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Watch for information this summer on DBD3 training rides
Show blog entries about: Upcoming rides | Ride reports | My own training
My last training ride of the season
I really should be accustomed to radical shifts in the weather during springtime in the Bay Area, but a change of 50 degrees in just one week is stretching my limits. Where just one week ago we were pushing 105 on our brutal double metric century, yesterday the temperature never rose above 55 degrees in Watsonville, the approximate midpoint of our 78-mile ride from Hollister to Freedom and back. Thirteen intrepid riders braved the chilly winds and, yes, even the occasional light drizzle for a challenging yet scenic end to the season for many of us.
My goal for the day was to transition out of intense, heavy-duty training mode and settle more into a riding style that will be able to carry me the entire distance to Los Angeles. I gladly agreed to be the sweep for the day, and because one rider was having serious butt/saddle interface issues, I was able to ride at a much more comfortable pace than I would have done had I been riding solo. But even with that, my average speed for the day was 12.3 mph -- which was above the posted range for this ride.
There were three significant climbs along the route -- two of them on Carr Road in Aromas, a nasty road in poor condition with several short, steep pitches. The good news was that neither I nor the rider I was sweeping had to stop at all in either direction on Carr. And on the long, more gradual climb up Hazel Dell Road, the only reason we stopped was for a photo break. So even with my recent illness -- from which my pesky cough still lingers a bit -- I'm increasingly confident that I can conquer the hills of the ride, even though it might be a bit slower than usual.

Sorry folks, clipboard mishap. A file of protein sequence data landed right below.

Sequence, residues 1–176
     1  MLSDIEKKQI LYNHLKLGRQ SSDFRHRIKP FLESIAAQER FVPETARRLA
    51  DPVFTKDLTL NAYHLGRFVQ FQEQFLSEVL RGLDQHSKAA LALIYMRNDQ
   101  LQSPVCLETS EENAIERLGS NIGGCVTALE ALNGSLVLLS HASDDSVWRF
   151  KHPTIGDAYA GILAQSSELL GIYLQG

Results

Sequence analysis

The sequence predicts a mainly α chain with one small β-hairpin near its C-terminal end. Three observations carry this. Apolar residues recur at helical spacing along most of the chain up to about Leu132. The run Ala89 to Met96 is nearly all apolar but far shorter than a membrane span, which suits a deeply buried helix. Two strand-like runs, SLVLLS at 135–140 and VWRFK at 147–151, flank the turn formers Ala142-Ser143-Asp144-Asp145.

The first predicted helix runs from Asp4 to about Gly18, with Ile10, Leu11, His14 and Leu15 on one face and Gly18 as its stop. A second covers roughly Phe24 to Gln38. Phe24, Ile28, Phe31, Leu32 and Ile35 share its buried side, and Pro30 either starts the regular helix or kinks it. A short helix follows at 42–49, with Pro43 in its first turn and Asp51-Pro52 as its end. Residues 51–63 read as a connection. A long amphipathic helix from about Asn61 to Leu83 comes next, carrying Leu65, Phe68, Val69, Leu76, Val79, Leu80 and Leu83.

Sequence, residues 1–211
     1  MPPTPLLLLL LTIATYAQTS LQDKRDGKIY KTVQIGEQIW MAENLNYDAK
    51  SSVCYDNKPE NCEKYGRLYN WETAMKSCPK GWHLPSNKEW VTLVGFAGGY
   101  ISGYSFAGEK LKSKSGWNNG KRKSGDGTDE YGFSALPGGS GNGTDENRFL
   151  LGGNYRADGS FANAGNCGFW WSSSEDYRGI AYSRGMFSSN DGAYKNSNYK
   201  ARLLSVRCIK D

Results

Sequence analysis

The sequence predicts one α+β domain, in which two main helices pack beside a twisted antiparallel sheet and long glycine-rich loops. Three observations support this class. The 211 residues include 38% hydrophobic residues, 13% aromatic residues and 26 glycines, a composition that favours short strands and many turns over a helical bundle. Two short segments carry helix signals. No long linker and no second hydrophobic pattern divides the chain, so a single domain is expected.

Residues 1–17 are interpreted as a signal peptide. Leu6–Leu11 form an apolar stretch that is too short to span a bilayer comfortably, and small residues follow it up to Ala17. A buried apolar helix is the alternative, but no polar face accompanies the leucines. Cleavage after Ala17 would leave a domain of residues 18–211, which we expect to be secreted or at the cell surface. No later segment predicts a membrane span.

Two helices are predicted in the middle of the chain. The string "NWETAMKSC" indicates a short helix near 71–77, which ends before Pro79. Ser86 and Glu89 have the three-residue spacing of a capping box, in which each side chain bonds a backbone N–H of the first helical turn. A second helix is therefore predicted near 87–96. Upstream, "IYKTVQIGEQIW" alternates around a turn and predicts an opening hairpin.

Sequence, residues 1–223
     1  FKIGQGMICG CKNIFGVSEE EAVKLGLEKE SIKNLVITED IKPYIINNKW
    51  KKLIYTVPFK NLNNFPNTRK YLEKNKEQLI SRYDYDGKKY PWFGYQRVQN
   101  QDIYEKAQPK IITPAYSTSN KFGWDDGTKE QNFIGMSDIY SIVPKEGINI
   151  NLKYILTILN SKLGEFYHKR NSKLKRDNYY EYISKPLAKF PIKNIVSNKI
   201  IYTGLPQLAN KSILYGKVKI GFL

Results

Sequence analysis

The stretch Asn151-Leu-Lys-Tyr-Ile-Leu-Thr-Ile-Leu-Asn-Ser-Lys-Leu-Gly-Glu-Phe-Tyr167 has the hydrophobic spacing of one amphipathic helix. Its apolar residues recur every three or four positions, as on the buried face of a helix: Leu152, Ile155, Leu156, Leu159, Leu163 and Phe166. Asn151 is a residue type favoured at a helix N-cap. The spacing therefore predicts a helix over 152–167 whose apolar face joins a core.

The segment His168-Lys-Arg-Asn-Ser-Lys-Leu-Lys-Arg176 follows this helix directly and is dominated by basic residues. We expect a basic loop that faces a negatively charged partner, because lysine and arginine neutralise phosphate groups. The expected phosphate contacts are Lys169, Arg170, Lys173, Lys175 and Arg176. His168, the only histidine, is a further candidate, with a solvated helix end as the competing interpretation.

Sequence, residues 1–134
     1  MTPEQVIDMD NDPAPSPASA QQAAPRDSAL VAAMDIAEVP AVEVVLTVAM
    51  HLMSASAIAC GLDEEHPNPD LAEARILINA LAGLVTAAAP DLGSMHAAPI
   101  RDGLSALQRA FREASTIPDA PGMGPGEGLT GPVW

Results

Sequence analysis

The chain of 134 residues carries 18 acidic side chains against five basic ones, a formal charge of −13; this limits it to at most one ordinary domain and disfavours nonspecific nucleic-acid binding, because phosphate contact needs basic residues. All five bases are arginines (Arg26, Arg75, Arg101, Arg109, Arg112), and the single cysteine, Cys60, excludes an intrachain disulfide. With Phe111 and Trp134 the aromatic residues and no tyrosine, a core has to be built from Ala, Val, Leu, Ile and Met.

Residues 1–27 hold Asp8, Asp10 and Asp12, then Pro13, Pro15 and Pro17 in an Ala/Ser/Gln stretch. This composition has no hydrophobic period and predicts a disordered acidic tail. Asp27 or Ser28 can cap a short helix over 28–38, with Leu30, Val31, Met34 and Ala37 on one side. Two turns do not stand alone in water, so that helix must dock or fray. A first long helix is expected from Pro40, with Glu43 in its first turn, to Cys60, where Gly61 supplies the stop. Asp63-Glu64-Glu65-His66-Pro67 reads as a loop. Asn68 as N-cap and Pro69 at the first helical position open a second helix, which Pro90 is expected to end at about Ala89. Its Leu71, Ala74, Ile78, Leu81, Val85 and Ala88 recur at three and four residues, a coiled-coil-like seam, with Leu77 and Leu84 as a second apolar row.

Once we reached the summit of Carr on the return, the best part of the day was upon us -- the final 16-mile push, assisted by a very generous tailwind that's very similar to what we experience near the end of Days 2 and 4 of the ride. It's a nice feeling to be coasting along at 21 mph with very little effort, although it was probably the one time of the day that I slightly regretted being the sweep. Because of my upright riding position and my bike's excellent coasting design, this was the only point during the day where I really had to control my speed to stay behind the other rider, who is of slighter build than I and, therefore, didn't get quite the benefit of the wind.
And that wind did all sorts of strange things. When we briefly turned out of the wind, we had challenging crosswinds that had us leaning to one side or the other. And when the wind blew through an open-air farm structure alongside the road, it made a loud, startling eerie sound as if the aliens had just landed.
We rolled back into Hollister after almost eight hours and, after a bit of resting and socializing, it was back into the car for the 70-mile drive back to Mountain View ... a total of 500 miles for the month so far ... and the end to another training season.